A new CNN poll found Beto O’Rourke leads President Trump by 10 points in a hypothetical general election matchup, 52% to 42%.
O’Rourke held the widest lead over Trump among other Democratic presidential candidates who were included in the potential matchup.
Sen. Bernie Sanders and Joe Biden tied for second place behind O’Rourke, with each leading Trump by 6 points.
It’s an online Mark Penn poll, so big grain of salt. Biden got a large bounce and is leading the race, but not by that much.
Jonathan Bernstein: “For one thing, I’d be wary of paying much attention to that polling surge, at least until it sticks for a few weeks. It’s obviously better to get an announcement bounce than not, but it may not matter much in the long run. Biden’s main asset is that most Democrats like him and probably will continue to like him. But knowing that, we should expect that he’ll do well in early trial heats against a bunch of unknowns (and Bernie Sanders, who appears to have very limited appeal). We can also expect his support to rise when he’s been in the news. That doesn’t tell us much about how voters will react when they discover that they also like Julian Castro or Kamala Harris or Elizabeth Warren – which will probably be the case if and when those candidates become well known.”
“I’m also not overwhelmed by Biden’s endorsements. It’s obviously good that he was able to roll out more than the other contenders. And there’s a decent amount of diversity, indicating a coalition-style candidacy. But his lead over Harris and Cory Booker isn’t very big. This is the former vice president we’re talking about. It’s not as if Democratic politicians need to get to know him. If they want to see him on the campaign trail first, that would indicate a lot less confidence in him than if they wanted the same from, say, Amy Klobuchar or Beto O’Rourke. It would suggest either that they weren’t confident he could match his old form, or that they needed something new from him. It’s not a great sign that he hasn’t added any new endorsements since his announcement last Thursday, despite solid polling numbers. In fact, it suggests that a lot of party actors aren’t eager to jump onto the Biden bandwagon. “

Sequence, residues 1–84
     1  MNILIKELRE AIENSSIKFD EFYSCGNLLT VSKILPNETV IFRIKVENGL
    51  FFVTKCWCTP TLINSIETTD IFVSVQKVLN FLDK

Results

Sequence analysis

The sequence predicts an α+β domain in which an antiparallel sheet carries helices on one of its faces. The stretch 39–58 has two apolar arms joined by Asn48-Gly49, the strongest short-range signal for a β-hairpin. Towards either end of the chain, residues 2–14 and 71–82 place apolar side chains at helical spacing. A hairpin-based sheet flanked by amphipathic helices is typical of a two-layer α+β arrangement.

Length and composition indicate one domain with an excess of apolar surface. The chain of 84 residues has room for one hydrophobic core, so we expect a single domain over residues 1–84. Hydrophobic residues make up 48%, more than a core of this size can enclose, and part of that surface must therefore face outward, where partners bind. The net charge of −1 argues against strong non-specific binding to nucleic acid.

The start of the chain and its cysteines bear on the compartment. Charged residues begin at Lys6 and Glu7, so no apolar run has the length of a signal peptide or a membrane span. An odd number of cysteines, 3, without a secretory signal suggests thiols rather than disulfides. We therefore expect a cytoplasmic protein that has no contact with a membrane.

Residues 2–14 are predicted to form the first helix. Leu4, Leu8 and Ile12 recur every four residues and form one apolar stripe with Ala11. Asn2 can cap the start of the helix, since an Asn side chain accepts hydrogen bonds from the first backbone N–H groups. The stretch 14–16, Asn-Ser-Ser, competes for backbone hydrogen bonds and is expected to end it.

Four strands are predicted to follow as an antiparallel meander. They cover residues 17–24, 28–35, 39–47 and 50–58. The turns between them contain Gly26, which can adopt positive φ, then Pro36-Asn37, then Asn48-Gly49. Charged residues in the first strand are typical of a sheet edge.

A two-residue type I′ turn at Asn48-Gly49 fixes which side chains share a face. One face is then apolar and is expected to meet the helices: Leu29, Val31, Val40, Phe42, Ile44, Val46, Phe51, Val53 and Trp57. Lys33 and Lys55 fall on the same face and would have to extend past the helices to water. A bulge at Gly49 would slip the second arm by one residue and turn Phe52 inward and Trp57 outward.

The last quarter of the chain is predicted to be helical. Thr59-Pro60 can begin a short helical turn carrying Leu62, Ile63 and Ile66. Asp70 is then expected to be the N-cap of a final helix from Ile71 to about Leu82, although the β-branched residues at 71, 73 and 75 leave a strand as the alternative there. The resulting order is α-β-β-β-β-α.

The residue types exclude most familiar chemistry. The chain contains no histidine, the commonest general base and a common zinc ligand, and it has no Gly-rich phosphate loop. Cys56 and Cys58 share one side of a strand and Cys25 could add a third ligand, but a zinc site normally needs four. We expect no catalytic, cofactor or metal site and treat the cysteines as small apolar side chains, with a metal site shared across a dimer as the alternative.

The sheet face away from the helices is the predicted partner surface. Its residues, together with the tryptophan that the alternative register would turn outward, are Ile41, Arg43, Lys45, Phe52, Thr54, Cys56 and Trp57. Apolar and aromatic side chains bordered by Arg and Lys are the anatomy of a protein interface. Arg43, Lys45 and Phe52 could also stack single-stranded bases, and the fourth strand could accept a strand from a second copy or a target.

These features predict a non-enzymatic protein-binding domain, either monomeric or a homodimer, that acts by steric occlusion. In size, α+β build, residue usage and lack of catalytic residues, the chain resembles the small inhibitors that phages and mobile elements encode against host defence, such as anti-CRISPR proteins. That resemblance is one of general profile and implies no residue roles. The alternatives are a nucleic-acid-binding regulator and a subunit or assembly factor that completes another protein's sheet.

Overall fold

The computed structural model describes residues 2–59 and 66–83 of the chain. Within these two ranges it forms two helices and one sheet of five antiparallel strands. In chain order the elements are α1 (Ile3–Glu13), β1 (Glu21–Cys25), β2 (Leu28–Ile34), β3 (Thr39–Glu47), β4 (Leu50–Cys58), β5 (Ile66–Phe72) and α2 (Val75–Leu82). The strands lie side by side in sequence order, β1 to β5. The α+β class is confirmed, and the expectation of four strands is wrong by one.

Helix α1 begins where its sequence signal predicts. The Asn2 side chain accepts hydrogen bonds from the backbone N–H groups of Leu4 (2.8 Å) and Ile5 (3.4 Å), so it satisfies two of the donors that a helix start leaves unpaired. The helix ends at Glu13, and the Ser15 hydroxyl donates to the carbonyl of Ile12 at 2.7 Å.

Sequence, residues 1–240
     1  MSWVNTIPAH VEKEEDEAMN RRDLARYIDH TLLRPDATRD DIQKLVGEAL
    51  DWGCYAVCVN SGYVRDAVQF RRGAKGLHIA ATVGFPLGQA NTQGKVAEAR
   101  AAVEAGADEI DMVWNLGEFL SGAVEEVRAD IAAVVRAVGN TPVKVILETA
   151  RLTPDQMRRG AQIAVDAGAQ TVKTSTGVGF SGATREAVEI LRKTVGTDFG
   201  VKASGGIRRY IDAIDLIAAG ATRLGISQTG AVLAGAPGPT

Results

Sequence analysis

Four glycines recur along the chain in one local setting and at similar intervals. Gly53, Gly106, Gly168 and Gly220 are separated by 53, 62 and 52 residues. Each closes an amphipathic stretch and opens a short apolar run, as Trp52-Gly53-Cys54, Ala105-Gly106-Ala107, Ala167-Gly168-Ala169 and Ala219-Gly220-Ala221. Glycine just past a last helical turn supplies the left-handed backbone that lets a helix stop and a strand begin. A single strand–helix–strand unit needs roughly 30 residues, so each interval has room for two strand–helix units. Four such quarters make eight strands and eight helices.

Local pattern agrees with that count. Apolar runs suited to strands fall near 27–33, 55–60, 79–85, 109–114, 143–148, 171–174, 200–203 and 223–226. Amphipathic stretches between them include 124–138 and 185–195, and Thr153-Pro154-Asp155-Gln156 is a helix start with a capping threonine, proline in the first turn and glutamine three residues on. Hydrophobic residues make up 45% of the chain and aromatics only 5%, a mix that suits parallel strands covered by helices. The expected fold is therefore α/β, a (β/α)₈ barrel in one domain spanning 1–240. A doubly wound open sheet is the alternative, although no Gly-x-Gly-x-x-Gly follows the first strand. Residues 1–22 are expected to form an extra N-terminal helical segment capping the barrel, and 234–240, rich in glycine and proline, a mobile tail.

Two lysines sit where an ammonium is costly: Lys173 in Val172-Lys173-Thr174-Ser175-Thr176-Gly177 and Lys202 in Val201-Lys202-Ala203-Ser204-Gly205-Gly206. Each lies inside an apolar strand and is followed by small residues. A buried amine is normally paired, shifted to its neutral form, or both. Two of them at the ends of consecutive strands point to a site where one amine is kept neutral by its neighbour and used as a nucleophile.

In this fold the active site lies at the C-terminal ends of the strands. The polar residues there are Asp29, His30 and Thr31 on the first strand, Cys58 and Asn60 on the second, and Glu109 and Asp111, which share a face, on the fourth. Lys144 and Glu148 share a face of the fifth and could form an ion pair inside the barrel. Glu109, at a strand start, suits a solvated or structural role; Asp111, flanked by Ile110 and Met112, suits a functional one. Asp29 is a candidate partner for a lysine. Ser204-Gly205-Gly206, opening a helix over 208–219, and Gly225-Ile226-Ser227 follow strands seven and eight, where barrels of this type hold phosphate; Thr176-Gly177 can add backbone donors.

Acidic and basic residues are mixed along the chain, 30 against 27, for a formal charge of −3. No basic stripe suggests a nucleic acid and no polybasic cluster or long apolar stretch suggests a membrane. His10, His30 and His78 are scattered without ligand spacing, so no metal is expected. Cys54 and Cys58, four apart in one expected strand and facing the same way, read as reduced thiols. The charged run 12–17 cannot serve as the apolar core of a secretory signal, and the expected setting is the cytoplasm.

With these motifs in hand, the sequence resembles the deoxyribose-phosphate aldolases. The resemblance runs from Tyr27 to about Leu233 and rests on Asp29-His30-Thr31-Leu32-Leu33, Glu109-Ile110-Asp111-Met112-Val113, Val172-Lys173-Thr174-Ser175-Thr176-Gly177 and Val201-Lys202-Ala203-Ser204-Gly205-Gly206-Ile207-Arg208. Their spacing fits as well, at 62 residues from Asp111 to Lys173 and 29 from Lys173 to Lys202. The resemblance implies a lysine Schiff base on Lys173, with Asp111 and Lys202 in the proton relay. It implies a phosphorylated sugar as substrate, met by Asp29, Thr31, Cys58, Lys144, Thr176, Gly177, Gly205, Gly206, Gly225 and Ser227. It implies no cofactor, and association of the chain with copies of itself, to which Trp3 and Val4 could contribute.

“For example, during the Reagan administration, Republicans were on average, 11.5 points more optimistic about the economy, while Democrats were 7.4 points more pessimistic, for a gap of 18.9 points. That gap grew a bit during the George W. Bush and Obama eras; 20.9 to 23.9 respectively.”
“But, under Trump, that gap has turned into a chasm. The partisan gap now is 55.4 percent — twice as big as it was during Bush and Obama era and three times as big as it was during Reagan.”
New York City Mayor Bill de Blasio is expected to announce he’s running for president next week, the New York Daily News reports.
“The 2020 announcement could come as early as de Blasio’s birthday on Wednesday, when he’ll turn 58, said one source. The kickoff was initially expected this week but pushed back, according to another source.”
“Nearly everyone” — i.e., all my friends and acquaintances in the journalistic and political elite — also thought Hillary Clinton was a shoo-in to win the general election. But Biden has had an extremely good start to his third campaign for president. His announcement video was aimed at those on the left who see Trump as the tip of the spear of white nationalism, and to those swingier voters who simply want to return to normalcy, constitutional order, and, well, decency. That’s a message that rallies the base but also appeals to those who may be exhausted by the trauma of Trump. As an opener, perfect. Even, at times, moving. […]
Biden’s positive message is a defense of the worker from the excesses of decadent late-capitalism. He can effortlessly channel that and compete with Trump in the Rust Belt. Sanders can do this as well — but Bernie, for all his sincerity and authenticity, does not have the heft of a two-term vice-president who has long been at the center of his party. For those who simply want to defeat Trump at all costs, Biden, for now, seems the safest bet. He can run on a platform deeply informed by the left’s critique of the market, without the baggage of left wokeness or those eager to play into the GOP’s hands and explicitly avow “socialism.”
That’s exactly what the Trump campaign fears.”